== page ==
Surgeons in the top and bottom quartiles had each been practicing for a mean of 11 years. Peer ratings of surgical skill varied from 2.6 to 4.8 on a 5-point scale. There was no difference between the best (top 25%) and worst (bottom 25%) performance quartiles when comparing excess body weight loss (67.2% vs 68.5%; P = .86) at 1 year. There were no differences in resolution of sleep apnea (62.6% vs 62.0%; P = .77), hypertension (47.1% vs 45.4%; P = .73), or hyperlipidemia (52.3% vs 63.4%; P = .45). Surgeons with the lowest skill rating had patients with higher rates of diabetes resolution (78.8%) when compared with the high-skill group (72.8%) (P = .01).
Conclusions and Relevance
In contrast to its effect on early complications, surgical skill did not affect postoperative weight loss or resolution of medical comorbidities at 1 year after laparoscopic gastric bypass. These findings suggest that long-term outcomes after bariatric surgery may be less dependent on a surgeon’s operative skill and instead be driven by other factors. Operative technique was not assessed in this analysis and should be considered in future studies.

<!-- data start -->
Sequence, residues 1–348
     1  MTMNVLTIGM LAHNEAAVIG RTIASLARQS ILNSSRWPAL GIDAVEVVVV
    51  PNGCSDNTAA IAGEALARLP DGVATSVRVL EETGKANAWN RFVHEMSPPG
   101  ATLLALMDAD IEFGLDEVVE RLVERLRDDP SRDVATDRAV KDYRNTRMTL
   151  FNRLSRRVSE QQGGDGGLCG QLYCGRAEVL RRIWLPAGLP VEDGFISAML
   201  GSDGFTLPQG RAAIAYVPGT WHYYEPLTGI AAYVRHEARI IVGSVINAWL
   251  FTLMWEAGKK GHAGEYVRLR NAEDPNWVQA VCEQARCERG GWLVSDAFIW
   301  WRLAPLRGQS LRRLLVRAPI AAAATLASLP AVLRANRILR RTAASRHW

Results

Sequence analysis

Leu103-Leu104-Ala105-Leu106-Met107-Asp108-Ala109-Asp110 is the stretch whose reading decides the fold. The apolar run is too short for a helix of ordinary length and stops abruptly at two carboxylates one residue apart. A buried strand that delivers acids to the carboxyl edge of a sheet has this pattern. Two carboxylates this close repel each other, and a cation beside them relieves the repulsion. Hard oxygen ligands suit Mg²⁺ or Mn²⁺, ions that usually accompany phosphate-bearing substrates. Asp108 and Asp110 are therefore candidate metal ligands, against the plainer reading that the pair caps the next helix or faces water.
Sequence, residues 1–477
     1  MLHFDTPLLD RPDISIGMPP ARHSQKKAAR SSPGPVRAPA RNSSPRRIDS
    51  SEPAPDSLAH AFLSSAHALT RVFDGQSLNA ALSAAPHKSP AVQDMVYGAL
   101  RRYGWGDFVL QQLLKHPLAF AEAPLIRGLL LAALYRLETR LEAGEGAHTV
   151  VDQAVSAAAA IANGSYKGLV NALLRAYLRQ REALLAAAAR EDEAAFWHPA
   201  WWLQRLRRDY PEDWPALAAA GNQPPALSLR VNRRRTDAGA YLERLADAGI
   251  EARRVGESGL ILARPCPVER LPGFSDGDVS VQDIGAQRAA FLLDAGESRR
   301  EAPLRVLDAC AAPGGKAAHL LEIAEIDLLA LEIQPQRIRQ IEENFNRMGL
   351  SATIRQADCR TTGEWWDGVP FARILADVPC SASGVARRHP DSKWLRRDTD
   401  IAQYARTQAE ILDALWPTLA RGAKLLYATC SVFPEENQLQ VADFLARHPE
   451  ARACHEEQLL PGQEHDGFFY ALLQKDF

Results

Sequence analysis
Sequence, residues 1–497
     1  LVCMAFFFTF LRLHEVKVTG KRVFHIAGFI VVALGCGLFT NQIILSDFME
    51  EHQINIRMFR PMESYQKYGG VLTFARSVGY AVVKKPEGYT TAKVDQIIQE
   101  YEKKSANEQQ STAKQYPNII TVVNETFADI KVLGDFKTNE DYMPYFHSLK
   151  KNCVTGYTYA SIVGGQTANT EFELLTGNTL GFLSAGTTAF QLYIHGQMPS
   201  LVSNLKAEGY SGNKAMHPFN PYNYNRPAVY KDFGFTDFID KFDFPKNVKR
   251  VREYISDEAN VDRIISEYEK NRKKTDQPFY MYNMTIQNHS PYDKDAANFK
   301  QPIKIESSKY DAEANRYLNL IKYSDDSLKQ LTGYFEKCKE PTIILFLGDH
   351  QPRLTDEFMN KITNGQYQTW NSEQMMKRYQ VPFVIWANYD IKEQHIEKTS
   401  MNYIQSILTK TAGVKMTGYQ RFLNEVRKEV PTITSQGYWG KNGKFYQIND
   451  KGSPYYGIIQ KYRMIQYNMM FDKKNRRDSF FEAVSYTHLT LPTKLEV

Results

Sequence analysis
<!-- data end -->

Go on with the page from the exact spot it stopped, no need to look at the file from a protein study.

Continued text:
After a decade of focus on optimizing perioperative care, there has been a paradigm shift toward optimizing the quality of the operation itself. Until recently, surgical quality improvement has largely focused on improving systems of care, such as improving compliance with perioperative checklists or adherence to evidence-based guidelines for antibiotic administration.1-3 Efforts to improve perioperative care have contributed to significant gains in patient safety but have failed to provide insight on the effect of the surgeon on the operation itself. Studies from the surgical education literature have demonstrated that it is possible to directly assess surgical skill with high levels of reliability and reproducibility.4-6 Recently, these ratings of surgical skill were shown to be strongly associated with variation in postoperative outcomes.7